The fascinating nomadic society of Balochistan is the symbol of societal continuity of the past. Even today, like many areas of Balochistan, the surroundings of Sibi and Dhadar are occupied by nomadic and semi nomadic tribes engaged in herding and pastoralism. Bulls had a special place in the story of Mehrgarh as emerged from the excavations, particularly the shape of seals, figurines and drawings etc. Bulls occupy a focal place through out Balochistan even today. The Mehrgarh type of pottery is still made, decorated and used in Sibi and surrounding areas, establishing another undetached linkage between the past and the present. Typical embroidery with prominent Mehrgarh motifs and symbols, musical instruments made of clay etc. are still in use in the area. People have a special sense of pride and perception with regard to founding the Mehrgarh civilization. The town of Sibi therefore, genuinely boasts of the proud inheritance of numerous links that depict continuity. Reverence of both the tangible and intangible heritage is intensively found in the oral tradition of people and is expressed in folk songs, folk-tales, dramatic performance, story-telling, music, particularly, in Nad-o-sur, a duo performed by a vocalist and a flute player. Its masterpiece versions known as the "wanderings of the whirlwind" are the most important narrations on the subject.

The cultural space of Sibi attained renewed dimensions during 15th century when the famous Baloch Chief, Mir Chakar Khan Rind formally regulated the celebrations by enriching its tangible as well as intangible contents. The remnants of his fort, once the citadel of power, and the rich oral tradition, including the classical Balochi literature, establish beyond any doubt the grandeur of Mir Chakar's era when the scope of festivities were widened by including sale and marketing of animals exclusively groomed for the festival such as bulls, horses, camels, sheep, goats etc. sale of cultural objects, handicrafts, rugs and carpets, barter of agricultural and dairy products etc. as well as convening of a tribal "Jirga" (Assembly) to address and resolve inter and intra tribal disputes. Special attention was paid to promotion of music, dance, story telling, traditional sports etc. A system of reward was also in place to encourage the youth offering them the opportunity to display their talent on the prized cultural platform and contribute towards preservation and promotion of oral and intangible cultural heritage. Each year the traditional super market of Sibi exhibited its best in pursuit of a cultural tradition enshrined in time and continuously preserved by the successive generations. The cherished tradition therefore proudly continues till date.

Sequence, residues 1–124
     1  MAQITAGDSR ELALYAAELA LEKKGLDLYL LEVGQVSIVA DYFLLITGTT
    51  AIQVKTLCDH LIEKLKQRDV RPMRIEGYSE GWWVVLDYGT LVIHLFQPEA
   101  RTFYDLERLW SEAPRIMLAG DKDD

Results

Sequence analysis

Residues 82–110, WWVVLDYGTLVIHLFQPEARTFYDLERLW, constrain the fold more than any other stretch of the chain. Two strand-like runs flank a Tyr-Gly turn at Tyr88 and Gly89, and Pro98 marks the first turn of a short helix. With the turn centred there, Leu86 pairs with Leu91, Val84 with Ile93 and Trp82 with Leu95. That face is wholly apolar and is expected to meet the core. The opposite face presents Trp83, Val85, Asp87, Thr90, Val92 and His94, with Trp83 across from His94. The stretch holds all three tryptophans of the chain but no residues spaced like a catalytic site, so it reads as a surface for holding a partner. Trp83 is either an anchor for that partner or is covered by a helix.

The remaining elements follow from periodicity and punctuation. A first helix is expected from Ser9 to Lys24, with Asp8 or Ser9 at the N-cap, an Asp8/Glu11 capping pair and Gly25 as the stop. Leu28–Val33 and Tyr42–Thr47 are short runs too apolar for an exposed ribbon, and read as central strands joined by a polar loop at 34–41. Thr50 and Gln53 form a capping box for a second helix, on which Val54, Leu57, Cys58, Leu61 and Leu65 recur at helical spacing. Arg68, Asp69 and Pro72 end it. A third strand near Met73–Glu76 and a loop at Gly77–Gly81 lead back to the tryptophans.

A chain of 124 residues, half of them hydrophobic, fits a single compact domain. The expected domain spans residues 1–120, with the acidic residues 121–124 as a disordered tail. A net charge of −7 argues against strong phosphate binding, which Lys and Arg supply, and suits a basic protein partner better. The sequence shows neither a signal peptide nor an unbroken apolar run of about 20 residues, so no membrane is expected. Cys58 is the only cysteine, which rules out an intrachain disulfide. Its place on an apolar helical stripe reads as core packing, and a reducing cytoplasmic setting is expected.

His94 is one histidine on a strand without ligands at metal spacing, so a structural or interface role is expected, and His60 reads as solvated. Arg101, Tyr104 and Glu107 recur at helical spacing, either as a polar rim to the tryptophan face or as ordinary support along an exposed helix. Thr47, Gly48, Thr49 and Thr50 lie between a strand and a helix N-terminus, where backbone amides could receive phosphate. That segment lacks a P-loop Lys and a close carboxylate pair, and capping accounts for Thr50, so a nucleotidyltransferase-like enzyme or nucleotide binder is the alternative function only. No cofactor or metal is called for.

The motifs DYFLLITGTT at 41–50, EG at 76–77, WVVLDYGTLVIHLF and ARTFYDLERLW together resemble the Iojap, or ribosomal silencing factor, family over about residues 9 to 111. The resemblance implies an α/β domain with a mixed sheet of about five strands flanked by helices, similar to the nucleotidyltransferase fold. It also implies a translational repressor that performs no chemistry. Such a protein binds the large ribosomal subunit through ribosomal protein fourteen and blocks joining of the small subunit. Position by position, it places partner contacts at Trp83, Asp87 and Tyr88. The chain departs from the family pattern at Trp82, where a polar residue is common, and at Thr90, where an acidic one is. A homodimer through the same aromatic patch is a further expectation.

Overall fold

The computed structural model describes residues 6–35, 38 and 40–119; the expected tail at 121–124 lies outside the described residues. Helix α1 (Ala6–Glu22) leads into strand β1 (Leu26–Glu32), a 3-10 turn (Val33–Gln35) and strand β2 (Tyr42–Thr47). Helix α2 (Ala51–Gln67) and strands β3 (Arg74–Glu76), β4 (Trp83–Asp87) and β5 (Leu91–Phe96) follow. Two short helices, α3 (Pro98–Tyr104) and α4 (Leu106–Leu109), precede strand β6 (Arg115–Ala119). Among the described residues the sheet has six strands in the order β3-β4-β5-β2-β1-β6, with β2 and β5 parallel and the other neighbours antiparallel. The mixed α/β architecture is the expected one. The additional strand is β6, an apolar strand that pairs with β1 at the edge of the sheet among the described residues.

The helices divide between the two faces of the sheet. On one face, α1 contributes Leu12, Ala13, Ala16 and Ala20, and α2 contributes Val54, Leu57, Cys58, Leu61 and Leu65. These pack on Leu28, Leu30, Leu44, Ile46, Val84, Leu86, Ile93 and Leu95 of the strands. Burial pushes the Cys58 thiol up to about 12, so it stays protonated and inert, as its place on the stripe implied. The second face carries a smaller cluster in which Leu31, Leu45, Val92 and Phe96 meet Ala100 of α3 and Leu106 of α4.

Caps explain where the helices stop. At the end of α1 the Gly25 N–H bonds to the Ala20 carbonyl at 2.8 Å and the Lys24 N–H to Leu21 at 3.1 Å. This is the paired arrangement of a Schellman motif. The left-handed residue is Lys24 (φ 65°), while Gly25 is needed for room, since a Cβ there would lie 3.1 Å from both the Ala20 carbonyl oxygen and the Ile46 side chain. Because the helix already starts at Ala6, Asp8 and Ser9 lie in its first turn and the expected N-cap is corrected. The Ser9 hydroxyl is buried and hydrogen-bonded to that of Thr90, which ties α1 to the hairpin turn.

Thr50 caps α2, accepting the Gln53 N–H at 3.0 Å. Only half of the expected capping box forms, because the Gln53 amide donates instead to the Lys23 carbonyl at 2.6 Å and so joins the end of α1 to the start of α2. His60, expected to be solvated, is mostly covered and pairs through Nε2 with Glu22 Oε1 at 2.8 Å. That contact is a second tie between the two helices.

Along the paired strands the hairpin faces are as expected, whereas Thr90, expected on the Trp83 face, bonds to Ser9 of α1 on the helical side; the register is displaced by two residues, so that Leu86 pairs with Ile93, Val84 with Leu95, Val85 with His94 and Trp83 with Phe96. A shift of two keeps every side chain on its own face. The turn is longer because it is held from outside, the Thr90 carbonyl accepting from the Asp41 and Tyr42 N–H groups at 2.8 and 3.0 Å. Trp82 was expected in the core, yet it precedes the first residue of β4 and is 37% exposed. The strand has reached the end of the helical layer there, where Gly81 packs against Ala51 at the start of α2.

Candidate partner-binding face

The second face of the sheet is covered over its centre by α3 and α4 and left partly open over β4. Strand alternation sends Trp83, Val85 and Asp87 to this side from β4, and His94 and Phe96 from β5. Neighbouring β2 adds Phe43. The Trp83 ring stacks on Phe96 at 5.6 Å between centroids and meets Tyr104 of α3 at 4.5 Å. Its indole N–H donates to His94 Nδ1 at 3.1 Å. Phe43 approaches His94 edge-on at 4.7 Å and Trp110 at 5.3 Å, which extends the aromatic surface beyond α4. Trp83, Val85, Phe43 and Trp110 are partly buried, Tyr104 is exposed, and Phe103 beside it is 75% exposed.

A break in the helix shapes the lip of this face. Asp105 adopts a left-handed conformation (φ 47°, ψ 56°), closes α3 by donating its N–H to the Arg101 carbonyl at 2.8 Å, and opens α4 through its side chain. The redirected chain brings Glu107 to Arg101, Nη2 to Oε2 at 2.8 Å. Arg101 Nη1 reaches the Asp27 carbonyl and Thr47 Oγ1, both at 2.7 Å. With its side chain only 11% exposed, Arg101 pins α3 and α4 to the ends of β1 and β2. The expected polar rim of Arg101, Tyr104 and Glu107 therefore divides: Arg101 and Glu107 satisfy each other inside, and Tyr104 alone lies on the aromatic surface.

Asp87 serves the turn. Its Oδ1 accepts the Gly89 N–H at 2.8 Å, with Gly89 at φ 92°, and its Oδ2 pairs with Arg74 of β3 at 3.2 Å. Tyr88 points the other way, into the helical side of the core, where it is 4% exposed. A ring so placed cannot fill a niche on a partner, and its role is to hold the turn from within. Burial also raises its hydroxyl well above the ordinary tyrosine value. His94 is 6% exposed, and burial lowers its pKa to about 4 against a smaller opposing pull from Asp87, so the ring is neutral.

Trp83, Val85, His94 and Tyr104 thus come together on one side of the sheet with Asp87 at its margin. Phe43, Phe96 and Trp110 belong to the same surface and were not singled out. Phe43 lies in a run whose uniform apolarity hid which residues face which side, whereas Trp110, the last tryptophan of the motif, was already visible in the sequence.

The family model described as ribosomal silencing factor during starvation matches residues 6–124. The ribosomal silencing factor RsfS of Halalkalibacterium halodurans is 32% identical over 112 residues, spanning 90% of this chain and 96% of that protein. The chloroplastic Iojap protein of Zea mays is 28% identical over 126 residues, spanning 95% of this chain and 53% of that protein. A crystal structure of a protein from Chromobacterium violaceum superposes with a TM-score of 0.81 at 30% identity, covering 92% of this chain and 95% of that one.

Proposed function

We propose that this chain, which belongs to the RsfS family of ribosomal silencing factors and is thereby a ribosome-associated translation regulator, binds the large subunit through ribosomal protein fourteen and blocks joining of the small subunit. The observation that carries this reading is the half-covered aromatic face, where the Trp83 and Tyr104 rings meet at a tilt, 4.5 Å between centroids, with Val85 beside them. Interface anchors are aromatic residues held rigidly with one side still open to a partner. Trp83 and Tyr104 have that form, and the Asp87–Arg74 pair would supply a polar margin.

In fact culture does not exist in the abstract but in real time and space. So there is a need to acknowledge the importance of spaces that allow the transmission of culture. In other words the cultural space is a link between physical heritage and intangible cultural heritage as well as between contemporary and traditional heritage. Sibi offers the perfect model of culture space with the distinction of linking Mehrgarh, the founding human civilization, to the contemporary times. In the historical perspective, Sibi Mela, therefore, is the manifestation of the pioneering civilizational achievement of domestication of animals, culminating in colorful cultural festivities at the Sibi cultural space.

The author is an Anthropologist.